Sunday, October 04, 2009

Still Not Loud Enough, Still Not Fast Enough

Well, last weekend was Maxx Exposure and once again the sun shone on me (at least until it went down). I'd imagine that 75 miles of chalk and dark would be quite intimidating in the wet, but when I arrived at Beachy Head it was all dust and ice-cream vans.

I was pretty motivated for this one. No racing in a while had given over to a month or so of proper training rides where I cranked out single rides over 70 miles every weekend. If I was going to get back in a competition, I wanted to go well. The only hitch in my preparation had been a slip-up at work that meant I'd had to race up to Harrow (the far end, 18 miles) at high speed to pick something up from a school and zip over to another school (6 miles away) before everyone went home, and then a 15 miles return trip. It had felt good to zip around London on fresh legs, but I knew that it wasn't the right preparation for the weekend.

Nonetheless, the good weather meant that my plan of riding the race, sleeping for a few hours and then riding back again seemed like it could fly. My kit list looked like this:

2x 1.5 L bottles Maxim
Malt loaf
9 bar

12 scoops dry Maxim
Lemon squash
Malt loaf
9 bar
Fresh riding top

Torq Recovery
Sleeping bag

2x Ay Up
2x 6h batteries
3x 3h batteries
Extension lead

I was being pretty safe about taking loads of kit. I was hoping to finish the race in 7 to 7.5 hours but carrying 9 hours of food and light, plus a spare light and extra battery. I wasn't expecting to change from a short-sleeve top on the bike, but took a jacket anyway. Fortunately, my camping/return gear was shipped to the end for me. Even so, I wasn't ultra-light but I wasn't going to be rescued by anyone.

The safety briefing was more amusing than these things usually manage. Apparently, a rider had run into the back of a sleeping cow last year and complained when he got covered in cow poo. Mind the cows, then.

Soon enough, we were off though, and I was spinning like a fool. I know these races are long, but getting caught behind people in the first hour is really frustrating so I tried to push on without being an arsey racer. It was great to see the green landscape stretching and rolling ahead, with cliffs standing tall to the sea. I flowed and cranked and hoped that the lactic pain from yesterday's London riding would dissipate.

Things thinned out pretty quickly and I soon found myself behind a sponsored but not very elite rider. In typical style, he shut a gate in my face when I was only 2 bike lengths away. Charming. There are some fast chalk descents in this first section and I cruised up behind him with my hands loose and my brain mellow. I could carry way more speed than him, but decided not to overtake and risk a pinch-flat on the rougher line. Backing off, I followed him down to another gate. At least he held this one, but as I slowed I could feel my back tyre bouncing too much... I had pinched anyway.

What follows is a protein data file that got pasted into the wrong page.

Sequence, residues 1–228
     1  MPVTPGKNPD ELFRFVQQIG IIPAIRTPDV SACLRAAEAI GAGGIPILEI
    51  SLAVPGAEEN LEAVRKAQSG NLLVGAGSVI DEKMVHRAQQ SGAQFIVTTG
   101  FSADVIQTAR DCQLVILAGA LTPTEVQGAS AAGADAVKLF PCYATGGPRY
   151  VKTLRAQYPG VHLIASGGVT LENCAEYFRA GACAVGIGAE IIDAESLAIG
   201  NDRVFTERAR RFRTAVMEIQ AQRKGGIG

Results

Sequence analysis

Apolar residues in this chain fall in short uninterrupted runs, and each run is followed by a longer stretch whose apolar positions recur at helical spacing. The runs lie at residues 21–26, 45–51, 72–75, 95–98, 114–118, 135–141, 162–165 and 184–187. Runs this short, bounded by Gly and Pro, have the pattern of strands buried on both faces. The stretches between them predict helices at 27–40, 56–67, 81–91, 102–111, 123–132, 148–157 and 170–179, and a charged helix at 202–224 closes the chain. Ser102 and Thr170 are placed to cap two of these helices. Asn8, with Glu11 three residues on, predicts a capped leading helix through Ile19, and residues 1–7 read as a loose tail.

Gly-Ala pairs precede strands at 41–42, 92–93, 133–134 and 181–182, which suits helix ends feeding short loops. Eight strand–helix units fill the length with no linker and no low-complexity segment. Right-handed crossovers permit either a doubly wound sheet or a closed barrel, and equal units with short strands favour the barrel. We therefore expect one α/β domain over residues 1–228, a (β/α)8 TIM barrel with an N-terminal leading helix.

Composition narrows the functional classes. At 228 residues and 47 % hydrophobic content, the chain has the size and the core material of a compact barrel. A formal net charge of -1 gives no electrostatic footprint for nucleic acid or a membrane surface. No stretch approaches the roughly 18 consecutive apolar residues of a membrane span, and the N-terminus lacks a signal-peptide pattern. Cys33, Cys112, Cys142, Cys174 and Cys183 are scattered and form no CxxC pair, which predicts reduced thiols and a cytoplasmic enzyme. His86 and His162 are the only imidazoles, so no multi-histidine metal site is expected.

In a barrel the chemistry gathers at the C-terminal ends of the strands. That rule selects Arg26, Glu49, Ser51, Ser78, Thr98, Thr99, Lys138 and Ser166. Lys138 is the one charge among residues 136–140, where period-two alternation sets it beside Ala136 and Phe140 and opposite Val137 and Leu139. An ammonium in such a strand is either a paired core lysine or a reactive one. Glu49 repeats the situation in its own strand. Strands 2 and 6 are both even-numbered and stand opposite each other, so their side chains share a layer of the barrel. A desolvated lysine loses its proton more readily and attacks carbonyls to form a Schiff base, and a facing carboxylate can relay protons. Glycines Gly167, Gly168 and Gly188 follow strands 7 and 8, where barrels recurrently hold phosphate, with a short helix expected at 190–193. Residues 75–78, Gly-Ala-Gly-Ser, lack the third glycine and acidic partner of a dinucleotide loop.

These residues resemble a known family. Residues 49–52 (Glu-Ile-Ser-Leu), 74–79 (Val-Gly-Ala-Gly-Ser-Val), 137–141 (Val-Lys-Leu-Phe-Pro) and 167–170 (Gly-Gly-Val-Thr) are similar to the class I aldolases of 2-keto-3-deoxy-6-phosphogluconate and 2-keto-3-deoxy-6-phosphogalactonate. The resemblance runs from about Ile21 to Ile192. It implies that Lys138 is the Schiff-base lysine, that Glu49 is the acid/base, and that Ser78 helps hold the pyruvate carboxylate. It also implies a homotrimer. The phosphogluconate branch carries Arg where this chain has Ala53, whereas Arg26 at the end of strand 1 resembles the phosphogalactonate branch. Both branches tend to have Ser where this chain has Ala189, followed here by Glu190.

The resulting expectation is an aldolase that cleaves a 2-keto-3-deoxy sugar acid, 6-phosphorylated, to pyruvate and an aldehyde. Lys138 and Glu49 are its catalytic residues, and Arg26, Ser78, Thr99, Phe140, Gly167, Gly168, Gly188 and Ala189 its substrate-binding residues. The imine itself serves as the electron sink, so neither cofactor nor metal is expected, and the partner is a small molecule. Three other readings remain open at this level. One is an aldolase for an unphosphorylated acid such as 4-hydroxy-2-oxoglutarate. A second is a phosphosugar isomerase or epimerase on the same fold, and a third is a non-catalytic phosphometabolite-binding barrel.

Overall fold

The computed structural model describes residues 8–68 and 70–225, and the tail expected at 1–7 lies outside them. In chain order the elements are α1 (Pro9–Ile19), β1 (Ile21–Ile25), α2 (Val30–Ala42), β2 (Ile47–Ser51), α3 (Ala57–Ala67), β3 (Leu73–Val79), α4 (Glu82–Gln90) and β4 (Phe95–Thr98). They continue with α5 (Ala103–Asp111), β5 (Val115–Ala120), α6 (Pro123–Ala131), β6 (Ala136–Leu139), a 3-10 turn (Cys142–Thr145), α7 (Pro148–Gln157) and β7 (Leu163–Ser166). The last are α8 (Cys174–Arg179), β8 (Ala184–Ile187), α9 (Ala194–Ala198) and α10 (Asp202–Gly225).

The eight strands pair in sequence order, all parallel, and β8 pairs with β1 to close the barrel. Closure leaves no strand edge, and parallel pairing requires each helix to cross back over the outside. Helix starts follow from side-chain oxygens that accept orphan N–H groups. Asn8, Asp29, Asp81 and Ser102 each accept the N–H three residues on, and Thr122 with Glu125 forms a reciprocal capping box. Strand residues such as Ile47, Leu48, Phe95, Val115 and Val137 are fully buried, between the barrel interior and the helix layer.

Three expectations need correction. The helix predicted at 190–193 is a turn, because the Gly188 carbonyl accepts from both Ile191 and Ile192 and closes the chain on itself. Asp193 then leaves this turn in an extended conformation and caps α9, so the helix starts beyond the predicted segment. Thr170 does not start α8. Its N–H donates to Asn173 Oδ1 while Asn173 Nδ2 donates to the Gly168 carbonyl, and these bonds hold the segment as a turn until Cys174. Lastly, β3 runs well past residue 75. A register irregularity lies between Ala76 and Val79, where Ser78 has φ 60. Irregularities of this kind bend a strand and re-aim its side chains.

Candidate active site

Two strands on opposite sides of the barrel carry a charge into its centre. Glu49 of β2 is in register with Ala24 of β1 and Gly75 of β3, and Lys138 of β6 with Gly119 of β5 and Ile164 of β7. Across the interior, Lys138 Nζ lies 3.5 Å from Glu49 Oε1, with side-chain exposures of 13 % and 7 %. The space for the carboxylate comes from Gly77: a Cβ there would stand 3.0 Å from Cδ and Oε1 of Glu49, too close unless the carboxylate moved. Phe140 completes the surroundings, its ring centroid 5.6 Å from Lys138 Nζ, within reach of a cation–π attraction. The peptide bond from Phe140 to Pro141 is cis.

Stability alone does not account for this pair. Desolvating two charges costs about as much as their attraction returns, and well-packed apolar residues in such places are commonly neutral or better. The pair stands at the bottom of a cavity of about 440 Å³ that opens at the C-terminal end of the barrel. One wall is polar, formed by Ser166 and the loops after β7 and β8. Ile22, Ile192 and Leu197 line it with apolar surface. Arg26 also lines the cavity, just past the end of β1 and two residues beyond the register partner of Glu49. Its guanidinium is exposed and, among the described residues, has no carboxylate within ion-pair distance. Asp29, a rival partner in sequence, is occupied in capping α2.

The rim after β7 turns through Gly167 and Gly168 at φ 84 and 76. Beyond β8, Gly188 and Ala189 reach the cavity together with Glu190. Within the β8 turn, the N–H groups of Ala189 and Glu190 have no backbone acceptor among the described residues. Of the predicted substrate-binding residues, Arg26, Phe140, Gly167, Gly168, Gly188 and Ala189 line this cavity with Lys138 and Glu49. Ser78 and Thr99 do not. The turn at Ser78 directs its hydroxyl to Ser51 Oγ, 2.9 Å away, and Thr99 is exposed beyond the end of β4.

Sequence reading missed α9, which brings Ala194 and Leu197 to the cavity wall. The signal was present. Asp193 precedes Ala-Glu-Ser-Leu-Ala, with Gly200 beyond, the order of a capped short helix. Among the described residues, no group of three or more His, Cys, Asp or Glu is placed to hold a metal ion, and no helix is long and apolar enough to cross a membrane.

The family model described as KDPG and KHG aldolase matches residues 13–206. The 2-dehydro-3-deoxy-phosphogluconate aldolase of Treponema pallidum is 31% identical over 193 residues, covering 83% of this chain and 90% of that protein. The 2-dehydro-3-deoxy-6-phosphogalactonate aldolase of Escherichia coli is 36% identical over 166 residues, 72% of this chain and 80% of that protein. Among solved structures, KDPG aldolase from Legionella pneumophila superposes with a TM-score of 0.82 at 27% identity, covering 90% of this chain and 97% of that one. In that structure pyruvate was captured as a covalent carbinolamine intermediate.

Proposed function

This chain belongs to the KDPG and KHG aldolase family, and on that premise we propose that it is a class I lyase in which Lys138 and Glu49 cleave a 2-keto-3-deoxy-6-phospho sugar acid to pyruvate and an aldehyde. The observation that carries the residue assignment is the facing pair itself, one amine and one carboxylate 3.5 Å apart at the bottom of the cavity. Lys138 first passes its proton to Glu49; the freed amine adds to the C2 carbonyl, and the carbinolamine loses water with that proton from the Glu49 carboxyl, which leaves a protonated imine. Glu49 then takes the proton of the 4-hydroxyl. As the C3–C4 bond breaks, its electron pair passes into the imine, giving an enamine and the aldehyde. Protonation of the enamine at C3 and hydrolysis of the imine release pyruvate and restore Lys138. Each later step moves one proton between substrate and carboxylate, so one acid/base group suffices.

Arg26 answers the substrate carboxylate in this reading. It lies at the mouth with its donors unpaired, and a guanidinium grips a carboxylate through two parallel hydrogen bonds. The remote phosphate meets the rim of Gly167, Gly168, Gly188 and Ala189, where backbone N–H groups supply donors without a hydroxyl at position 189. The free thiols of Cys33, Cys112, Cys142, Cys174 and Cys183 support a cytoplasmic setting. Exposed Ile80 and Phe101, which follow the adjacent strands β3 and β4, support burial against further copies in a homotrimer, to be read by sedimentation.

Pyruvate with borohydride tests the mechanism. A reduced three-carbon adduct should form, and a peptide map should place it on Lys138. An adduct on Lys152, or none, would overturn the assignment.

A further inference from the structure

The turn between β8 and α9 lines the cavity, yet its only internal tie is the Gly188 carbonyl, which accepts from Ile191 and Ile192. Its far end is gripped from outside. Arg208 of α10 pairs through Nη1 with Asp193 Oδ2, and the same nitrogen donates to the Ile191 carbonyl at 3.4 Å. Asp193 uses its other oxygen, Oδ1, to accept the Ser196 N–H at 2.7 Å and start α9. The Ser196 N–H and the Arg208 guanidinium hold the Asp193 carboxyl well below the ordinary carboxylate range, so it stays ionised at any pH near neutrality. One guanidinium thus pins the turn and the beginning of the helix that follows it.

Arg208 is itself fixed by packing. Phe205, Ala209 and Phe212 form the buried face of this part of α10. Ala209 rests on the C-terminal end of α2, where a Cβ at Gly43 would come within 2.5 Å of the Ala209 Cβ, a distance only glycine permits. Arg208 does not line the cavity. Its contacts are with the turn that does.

I stuck in a new tube as quickly as I could with many riders going by. So much for not getting held up in the early stages. Making double-sure I hadn't been lazy about reinflating, I was off again. Up to checkpoint 1 was a steady stream of overtaking and jolly riders. Everyone was enjoying our high-speed ribbon of South Downs. I knew the approach to CP1 from riding that area with Emily a few weeks ago, so I could remember our sunny cow-herding antics as I hurtled through the dark descent and kept a sharp look-out for them cows.

The checkpoint was fairy-lit, but only the briefest of stops for me. I hoped to refill on water once later, but otherwise stay self-sufficient. The climb out of there is tough. It is steep enough to be a bit too hard to fully attack, but not steep enough for a slow grind. So a slow grind attack got me there, and straight down the other side only pausing to offer help to a rider with an uncooperative light-mount.

I was feeling pretty strong, only about 2 hours in and just closing down each red-lit bike in front of me. Passing people in the open terrain, the red rear would turn to white front light and seem to follow me forever. Eventually, I'd look back though and see the source was dropping back but the modern beams cast huge distances. I hadn't run both of my Ay Ups together in a while and it was turning out to be fantastic. The bar mount gave me shadows to pick out rocks and holes, the helmet mount let me look round corners. I could look where I wanted to go and let peripheral vision take care of the immediate trail - just like in the day.